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Art house meets 'green' house

Grand architectural moves – including gallery-like wall spaces – make this sustainably minded house ideal for its owners' art displays

Designed by DK Studio Architects

From the architects:  

Located in an upscale Toronto neighbourhood, this home replaces a simple, neglected bungalow from the 1940s, and has been designed for a couple with a passion for contemporary art and architecture.

The homeowners’ requirements for the house included a large, open kitchen and family room where they would spend most of their time, separate offices for him and for her, four bedrooms with walk-in closets and ensuites, a garage-accessible mudroom with generous storage space, a gym, a games room, a golf simulator, wine cellar and humidor, a pottery room, and a woodworking workshop.

The owners, though not artists themselves, possessed a refined design sensibility, making fine craftsmanship throughout the residence an absolute necessity. 

Perhaps most importantly, the owners possessed an extensive international art collection that required ample gallery-style wall display space.

Familial and public notions of space

The house would frequently oscillate between familial and public notions of space; the owners were frequent hosts of large social gatherings, and living spaces needed to be conducive to a comfortable atmosphere whether privately or socially occupied.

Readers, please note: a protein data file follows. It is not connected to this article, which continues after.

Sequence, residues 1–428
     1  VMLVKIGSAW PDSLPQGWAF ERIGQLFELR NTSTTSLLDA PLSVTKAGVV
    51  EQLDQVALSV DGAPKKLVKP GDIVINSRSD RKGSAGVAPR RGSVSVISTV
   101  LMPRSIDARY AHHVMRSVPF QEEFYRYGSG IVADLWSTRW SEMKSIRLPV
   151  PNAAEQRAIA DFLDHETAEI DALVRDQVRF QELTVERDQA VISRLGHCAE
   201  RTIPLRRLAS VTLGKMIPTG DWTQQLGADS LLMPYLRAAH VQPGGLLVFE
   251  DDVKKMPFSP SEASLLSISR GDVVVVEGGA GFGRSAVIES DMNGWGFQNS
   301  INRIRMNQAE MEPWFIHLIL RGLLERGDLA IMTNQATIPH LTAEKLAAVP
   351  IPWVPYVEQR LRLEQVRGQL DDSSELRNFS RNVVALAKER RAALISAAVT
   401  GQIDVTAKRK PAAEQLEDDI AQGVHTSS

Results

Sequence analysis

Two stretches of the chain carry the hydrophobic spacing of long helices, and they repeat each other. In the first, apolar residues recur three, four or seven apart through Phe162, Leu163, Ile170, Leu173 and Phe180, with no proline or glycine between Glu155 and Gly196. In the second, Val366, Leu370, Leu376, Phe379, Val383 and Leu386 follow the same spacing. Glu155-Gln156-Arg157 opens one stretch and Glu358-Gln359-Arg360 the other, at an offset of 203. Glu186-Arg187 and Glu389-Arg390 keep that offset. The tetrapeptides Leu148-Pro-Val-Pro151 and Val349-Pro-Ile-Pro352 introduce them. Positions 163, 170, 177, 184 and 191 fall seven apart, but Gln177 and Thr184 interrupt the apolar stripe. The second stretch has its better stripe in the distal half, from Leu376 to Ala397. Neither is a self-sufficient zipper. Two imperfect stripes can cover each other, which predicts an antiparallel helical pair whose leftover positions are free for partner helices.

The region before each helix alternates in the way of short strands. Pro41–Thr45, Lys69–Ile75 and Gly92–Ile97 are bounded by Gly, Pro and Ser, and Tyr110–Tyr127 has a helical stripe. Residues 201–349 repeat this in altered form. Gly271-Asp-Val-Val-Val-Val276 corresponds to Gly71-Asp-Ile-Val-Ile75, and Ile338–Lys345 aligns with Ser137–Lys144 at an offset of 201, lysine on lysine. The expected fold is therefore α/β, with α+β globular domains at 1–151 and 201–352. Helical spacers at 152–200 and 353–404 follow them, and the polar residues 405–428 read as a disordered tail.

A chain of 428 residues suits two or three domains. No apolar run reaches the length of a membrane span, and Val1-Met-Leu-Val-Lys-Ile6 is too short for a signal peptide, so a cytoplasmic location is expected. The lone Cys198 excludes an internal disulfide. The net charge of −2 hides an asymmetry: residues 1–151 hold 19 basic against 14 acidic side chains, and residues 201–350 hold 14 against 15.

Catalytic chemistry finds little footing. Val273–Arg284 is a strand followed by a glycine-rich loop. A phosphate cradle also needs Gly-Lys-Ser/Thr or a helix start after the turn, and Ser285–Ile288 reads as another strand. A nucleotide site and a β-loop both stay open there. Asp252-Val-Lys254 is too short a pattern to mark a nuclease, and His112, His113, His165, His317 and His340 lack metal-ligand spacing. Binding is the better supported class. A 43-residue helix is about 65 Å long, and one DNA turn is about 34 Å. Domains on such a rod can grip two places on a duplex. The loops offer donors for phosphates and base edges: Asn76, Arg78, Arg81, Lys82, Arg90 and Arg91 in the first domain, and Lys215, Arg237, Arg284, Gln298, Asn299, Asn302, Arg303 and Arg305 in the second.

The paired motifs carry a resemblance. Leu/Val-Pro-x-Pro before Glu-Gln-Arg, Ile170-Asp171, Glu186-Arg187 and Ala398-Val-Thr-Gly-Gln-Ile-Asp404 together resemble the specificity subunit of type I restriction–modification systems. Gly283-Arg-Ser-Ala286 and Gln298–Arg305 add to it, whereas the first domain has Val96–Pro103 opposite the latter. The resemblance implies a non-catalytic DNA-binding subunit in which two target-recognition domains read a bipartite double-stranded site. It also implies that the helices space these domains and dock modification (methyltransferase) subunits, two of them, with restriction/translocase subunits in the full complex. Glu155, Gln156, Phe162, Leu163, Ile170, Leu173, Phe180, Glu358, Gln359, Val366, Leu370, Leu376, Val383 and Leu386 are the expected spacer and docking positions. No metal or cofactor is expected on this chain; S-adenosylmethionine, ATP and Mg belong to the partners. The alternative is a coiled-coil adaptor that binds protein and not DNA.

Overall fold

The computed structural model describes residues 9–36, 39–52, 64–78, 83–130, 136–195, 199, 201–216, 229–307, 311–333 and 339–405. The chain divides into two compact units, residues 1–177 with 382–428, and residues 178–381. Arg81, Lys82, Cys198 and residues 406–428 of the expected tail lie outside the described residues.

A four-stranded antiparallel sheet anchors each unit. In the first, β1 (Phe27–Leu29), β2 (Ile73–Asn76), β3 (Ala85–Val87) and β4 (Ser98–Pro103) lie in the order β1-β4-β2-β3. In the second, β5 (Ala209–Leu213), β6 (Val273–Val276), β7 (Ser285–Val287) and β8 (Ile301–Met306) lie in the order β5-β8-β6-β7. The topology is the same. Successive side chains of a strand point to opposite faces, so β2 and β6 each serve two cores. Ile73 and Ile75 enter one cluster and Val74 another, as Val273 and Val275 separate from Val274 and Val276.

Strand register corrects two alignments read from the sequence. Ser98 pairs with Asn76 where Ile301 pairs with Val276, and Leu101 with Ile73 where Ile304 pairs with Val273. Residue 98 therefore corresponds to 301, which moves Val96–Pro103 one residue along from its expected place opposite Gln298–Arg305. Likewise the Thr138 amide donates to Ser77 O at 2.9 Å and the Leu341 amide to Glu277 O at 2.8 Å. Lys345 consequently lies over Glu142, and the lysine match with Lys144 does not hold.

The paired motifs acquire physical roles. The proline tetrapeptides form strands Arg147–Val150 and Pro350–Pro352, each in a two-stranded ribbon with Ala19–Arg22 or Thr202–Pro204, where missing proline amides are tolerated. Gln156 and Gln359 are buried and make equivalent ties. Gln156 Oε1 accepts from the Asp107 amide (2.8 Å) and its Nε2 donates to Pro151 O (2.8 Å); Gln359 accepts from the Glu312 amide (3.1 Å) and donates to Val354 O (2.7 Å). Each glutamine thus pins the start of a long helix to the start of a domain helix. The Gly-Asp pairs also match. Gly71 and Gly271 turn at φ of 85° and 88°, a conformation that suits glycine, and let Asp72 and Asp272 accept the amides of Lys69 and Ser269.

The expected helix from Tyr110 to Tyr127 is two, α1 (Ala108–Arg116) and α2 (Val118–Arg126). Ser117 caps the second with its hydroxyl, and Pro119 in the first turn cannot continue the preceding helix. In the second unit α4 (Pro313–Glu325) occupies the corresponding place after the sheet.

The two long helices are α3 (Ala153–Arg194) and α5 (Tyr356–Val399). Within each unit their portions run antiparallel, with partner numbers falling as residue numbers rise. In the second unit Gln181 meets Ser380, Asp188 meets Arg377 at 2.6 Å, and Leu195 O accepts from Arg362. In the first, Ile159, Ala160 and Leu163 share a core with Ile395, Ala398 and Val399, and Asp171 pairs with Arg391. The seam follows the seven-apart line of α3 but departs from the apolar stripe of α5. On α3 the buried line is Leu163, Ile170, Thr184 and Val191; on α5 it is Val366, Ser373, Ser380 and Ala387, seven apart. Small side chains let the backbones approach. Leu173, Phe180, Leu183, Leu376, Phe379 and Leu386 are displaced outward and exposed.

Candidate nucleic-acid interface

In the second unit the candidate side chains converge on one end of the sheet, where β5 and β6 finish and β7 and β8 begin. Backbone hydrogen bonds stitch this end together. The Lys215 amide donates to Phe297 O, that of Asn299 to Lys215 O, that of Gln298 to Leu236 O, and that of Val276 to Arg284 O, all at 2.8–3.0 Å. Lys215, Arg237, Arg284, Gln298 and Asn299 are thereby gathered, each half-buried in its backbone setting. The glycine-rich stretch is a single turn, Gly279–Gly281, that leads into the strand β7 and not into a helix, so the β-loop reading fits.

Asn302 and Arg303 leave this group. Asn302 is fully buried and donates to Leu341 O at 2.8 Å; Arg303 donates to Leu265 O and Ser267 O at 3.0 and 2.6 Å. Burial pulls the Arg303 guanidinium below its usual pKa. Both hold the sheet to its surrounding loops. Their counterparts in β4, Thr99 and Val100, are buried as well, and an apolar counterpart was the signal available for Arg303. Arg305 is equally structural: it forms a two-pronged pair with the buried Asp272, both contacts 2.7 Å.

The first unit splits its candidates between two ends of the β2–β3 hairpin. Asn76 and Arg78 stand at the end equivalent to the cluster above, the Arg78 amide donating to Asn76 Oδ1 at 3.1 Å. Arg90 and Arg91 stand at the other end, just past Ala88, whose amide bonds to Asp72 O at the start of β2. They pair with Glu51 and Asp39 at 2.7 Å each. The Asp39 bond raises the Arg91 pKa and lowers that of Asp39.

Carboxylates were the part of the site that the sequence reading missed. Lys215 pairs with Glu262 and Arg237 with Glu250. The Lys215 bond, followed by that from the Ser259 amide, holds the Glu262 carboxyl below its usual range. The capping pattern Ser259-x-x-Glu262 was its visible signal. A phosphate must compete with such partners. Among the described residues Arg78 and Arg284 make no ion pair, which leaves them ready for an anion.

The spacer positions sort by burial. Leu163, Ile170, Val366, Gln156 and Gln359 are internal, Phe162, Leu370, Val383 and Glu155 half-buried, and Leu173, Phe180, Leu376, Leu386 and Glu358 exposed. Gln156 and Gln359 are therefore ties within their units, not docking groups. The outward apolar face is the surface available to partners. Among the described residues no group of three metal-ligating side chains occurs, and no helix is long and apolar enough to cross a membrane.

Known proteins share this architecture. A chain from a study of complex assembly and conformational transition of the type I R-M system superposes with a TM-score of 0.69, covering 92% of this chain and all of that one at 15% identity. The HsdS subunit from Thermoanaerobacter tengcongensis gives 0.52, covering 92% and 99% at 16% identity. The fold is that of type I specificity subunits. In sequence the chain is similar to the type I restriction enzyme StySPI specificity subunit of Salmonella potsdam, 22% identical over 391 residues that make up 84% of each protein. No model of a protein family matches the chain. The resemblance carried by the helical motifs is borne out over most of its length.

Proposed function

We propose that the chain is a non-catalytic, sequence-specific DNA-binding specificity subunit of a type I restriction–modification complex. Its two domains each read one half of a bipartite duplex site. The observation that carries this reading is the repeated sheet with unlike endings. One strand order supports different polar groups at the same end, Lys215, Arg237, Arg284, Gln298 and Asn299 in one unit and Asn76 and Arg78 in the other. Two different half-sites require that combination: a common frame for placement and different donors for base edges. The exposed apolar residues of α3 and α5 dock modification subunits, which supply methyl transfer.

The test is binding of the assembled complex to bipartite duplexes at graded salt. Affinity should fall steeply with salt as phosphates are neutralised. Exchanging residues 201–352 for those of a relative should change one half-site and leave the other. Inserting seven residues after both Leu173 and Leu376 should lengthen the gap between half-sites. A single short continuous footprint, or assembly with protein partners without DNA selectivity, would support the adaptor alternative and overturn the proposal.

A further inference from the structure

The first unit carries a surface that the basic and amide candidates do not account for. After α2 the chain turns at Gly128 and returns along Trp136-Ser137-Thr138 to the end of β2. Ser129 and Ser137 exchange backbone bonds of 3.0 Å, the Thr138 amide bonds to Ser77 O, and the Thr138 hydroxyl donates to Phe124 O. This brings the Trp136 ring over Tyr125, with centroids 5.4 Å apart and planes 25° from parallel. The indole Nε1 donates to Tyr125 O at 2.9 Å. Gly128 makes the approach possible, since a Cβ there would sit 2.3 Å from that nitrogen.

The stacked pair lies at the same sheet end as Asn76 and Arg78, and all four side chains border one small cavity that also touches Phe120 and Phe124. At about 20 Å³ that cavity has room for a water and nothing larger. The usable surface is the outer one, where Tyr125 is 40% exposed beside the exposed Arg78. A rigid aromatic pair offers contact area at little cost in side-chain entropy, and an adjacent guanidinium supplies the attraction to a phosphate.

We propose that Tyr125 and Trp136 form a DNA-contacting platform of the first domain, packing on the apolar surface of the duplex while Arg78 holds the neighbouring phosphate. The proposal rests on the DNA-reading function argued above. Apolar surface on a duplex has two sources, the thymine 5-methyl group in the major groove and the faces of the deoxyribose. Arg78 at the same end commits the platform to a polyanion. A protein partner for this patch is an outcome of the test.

Composed of wood, glass, limestone, and steel, the home is unapologetically modern – it rises two floors above ground and is mirrored below ground with a two-level basement.


The exterior is composed of stone and timber rectangular volumes that intersect and stack upon one another. 

Straight lines and a rectangular structure create a clean, refined look.

Metal louvers on the exterior screen large modernist windows, while also framing the arrival and entrance to create a notable entry quietly reminiscent of art gallery structures.

The ground floor is centrally organised to allow for air and light to circulate generously through its east-west breezeways. 

Breezeways organise circulation

The two breezeways framed on either end with floor-to-ceiling glass, serve to organise circulation as well as to subtly direct the eye on an invisible path throughout the house and, consequently, past the select assortment of fine art and artifacts on display.

A three-car indoor garage provides each car with an electric vehicle charging port.

The house incorporates several other environmental features including a photovoltaic solar panel system on the roof, eco-friendly hydronic radiant in-floor heating throughout the entire house, as well as high-efficiency mechanical systems.

Natural ventilation is promoted with operable fenestrations to maximise bringing fresh air and light into the house.

Grand timber staircase

The defining feature of the home is its open concept ground plan, which is organised around a grand timber staircase at the heart of the house. 

The central stair bends and flows between floors, clad in a rich rift-cut white oak.